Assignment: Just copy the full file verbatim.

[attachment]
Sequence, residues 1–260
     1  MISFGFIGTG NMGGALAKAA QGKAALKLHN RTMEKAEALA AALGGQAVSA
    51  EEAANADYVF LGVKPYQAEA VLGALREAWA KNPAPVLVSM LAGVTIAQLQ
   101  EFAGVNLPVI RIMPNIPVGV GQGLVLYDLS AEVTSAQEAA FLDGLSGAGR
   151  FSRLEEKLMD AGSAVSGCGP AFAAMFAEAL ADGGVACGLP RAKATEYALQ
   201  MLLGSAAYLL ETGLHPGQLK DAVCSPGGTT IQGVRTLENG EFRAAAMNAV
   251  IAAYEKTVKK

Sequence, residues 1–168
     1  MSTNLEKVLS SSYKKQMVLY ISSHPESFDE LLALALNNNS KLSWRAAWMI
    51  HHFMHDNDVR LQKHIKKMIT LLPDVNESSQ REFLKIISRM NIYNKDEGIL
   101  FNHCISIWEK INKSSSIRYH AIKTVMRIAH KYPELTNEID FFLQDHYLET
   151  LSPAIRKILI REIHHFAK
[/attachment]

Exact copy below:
Sequence, residues 1–260
     1  MISFGFIGTG NMGGALAKAA QGKAALKLHN RTMEKAEALA AALGGQAVSA
    51  EEAANADYVF LGVKPYQAEA VLGALREAWA KNPAPVLVSM LAGVTIAQLQ
   101  EFAGVNLPVI RIMPNIPVGV GQGLVLYDLS AEVTSAQEAA FLDGLSGAGR
   151  FSRLEEKLMD AGSAVSGCGP AFAAMFAEAL ADGGVACGLP RAKATEYALQ
   201  MLLGSAAYLL ETGLHPGQLK DAVCSPGGTT IQGVRTLENG EFRAAAMNAV
   251  IAAYEKTVKK

Sequence, residues 1–168
     1  MSTNLEKVLS SSYKKQMVLY ISSHPESFDE LLALALNNNS KLSWRAAWMI
    51  HHFMHDNDVR LQKHIKKMIT LLPDVNESSQ REFLKIISRM NIYNKDEGIL
   101  FNHCISIWEK INKSSSIRYH AIKTVMRIAH KYPELTNEID FFLQDHYLET
   151  LSPAIRKILI REIHHFAK